GVK Hancock's $10b coal project must meet green conditions

Indian conglomerate GVK Power & Infrastructure Ltd and Australia's richest woman on Tuesday were ordered to meet strict environmental conditions over water conservation before developing a coal mine in the arid Australian Outback estimated to cost $10 billion.

The Land Court of Queensland recommended Queensland state approve a mining lease for the Alpha thermal coal mine as long as conditions were met on addressing objections made under the Mineral Resources Act and the Environmental Protection Act.

GVK Hancock, a joint venture between GVK and mining magnate Gina Rinehart's private Hancock Prospecting, said it was ready to work with environmental regulators and landowners to meet the recommendations of the Land Court.

The partners had already gained federal clearance to develop the Alpha thermal coal mine in the remote Galilee Basin, where hundreds of million tonnes of thermal coal remain unexploited.

Farmers and other landowners in the area claim the Alpha mine and others would draw too much water away from farmland.

Collieries require large quantities of water for washing coal before its is shipped, as well as for suppressing dust.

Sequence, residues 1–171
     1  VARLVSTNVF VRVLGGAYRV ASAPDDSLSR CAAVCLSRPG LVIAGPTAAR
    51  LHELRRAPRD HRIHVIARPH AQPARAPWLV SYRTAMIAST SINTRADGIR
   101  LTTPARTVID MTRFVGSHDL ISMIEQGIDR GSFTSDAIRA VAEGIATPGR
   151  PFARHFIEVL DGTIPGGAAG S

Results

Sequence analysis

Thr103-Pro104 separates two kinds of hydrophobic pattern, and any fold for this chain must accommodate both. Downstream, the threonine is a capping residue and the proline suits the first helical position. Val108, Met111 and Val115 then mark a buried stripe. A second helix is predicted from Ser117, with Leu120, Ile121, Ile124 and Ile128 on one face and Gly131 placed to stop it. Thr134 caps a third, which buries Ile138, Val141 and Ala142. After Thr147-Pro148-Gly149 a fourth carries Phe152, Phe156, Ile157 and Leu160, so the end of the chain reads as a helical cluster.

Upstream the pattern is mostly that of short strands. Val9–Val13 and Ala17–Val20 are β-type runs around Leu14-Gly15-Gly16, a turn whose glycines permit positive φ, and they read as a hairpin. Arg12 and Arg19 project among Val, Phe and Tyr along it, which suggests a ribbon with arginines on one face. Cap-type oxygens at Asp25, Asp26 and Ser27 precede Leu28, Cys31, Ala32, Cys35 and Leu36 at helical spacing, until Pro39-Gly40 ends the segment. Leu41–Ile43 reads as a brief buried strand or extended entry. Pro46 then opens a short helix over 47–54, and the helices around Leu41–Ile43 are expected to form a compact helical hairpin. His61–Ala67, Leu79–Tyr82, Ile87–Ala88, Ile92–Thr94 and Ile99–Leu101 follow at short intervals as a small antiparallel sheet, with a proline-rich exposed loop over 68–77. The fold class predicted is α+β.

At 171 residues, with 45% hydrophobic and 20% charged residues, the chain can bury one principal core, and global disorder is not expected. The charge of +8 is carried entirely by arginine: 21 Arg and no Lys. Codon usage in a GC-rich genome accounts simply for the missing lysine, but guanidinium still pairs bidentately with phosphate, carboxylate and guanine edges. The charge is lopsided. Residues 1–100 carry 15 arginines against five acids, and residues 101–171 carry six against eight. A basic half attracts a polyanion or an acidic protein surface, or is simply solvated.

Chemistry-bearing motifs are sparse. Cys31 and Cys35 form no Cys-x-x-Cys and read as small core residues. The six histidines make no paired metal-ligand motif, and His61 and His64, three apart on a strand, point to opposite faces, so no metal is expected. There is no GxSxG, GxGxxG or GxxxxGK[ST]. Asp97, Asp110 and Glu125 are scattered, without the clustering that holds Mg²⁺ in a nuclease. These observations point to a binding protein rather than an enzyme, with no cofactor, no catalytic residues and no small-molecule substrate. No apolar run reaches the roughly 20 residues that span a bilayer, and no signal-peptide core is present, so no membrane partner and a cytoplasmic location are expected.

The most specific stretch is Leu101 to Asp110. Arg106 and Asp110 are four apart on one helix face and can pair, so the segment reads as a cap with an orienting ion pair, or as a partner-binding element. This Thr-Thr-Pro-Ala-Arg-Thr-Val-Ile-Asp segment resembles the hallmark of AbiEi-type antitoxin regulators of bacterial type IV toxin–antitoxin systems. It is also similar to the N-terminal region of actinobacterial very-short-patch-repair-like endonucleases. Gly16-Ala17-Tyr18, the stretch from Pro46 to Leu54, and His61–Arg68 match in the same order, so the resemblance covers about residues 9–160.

Under the recommendations, the mine's operators will be required to make additional water available to other users and keep adequate supplies on hand.

To date, ambitious plans to introduce mining to the Galilee Basin, 500 miles from the nearest port, have been derailed not by concerns over water but rather by weak coal prices and transport challenges.

Others proposed mines in the Galilee Basin include a separate GVK project, and ones by China First and India's Adani Enterprises.

The conditional recommendation follows a six-month court challenge initiated by farmers and community groups.

"The Land Court's decision vindicates our concern about the impact on groundwater of the mega coal mines planned for the Galilee, including the Alpha mine, and the concerns of the affected landholders and farmers who were objectors to the mine in the legal challenge," said Tom Crothers, former general manager of water planning and allocation in Queensland.

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